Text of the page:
Final Fight and Relative Progress Bars

Finalfight arc image14 Final Fight and Relative Progress Bars

Progress bars

During lockdown and thanks to our newish dog, I’ve been playing a lot of Xbox in the early mornings. I try to play games when I can, but until recently have not really had time to invest much of my life into them. But, I’ve always maintained that to understand what makes games work, you need to play them!

Anyway, I decided to have my annual play through of Final Fight, one of the greatest games of all time (I’m my opinion anyway!). As I was playing, I was analysing what was making it enjoyable (the curse of a gamification designer) and realised one small but key element. The health bars of the bad guys. Rather than just the main boss fights having a health bars every baddie has one, no matter how weak. Read More ...

Getting Sh*t Done with A Little Gamification

Gamified Tasks Getting Sh t Done with A Little Gamification

I was recently chatting to a guy who was complaining that his task list was so long that he couldn’t even work out where to start from. He had all the tasks in Excel but just couldn’t figure out what to do first. Nothing had due dates, just he knew they all needed doing “at some point”.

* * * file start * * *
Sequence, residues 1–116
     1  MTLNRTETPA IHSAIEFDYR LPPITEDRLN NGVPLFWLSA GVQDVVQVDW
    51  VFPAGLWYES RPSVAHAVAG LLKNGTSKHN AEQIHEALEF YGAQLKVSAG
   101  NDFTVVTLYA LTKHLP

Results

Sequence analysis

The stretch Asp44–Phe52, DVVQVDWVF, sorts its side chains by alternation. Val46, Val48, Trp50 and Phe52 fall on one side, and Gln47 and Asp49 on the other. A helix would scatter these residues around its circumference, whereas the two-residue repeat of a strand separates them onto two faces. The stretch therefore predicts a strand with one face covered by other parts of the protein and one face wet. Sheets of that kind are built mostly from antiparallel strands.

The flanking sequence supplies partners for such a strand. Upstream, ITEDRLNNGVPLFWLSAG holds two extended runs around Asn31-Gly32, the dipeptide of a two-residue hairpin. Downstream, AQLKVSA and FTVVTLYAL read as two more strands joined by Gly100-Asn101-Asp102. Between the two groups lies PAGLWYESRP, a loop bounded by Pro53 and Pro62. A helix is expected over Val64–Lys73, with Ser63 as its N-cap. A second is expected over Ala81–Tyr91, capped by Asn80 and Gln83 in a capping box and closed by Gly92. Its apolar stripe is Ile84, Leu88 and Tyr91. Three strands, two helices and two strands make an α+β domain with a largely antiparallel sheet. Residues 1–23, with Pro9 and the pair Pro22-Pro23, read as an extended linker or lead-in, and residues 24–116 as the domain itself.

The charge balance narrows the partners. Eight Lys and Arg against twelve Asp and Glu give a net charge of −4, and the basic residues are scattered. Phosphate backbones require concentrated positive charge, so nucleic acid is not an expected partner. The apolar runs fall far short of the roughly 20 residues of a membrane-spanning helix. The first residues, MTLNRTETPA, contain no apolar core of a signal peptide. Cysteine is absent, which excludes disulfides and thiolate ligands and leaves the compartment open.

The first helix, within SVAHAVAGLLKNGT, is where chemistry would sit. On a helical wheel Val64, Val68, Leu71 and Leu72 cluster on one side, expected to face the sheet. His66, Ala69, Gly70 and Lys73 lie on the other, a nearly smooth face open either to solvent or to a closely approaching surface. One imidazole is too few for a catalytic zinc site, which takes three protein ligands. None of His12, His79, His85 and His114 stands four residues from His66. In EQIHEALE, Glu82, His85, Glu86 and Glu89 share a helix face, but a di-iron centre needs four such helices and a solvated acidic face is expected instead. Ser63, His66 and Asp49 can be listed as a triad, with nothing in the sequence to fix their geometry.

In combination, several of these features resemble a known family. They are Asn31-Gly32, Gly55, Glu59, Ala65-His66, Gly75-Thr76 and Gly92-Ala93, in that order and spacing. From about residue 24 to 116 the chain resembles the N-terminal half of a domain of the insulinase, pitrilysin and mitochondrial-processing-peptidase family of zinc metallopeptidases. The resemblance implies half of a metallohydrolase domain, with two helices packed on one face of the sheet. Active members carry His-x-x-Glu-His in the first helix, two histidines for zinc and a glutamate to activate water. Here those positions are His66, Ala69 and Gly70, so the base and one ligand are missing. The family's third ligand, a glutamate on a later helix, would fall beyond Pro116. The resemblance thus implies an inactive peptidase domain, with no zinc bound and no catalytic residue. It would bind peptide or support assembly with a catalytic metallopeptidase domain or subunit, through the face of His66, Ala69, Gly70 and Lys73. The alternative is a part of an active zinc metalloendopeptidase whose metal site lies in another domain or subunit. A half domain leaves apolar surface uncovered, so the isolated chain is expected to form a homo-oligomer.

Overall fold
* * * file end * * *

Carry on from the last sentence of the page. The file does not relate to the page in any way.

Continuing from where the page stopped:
We had a long chat and I gave him a simple algorithm to help get started.

Algorithm 1.0

  • First, prioritise each task with a scale of 1 to 5, 1 being vital and 5 being “whenever”
  • Next, give each task a difficulty rating of 1 to 5, 1 being easy and 5 being mega tough.
  • Finally, sort by priority then by difficulty.

You will end up with a list a bit like this

Get the kids bags sorted11
Fix iPad15
Paint the Fence22
Learn new song32
Tidy wiring in living room33
Wash the windows43
Mow the lawn51
Create an app55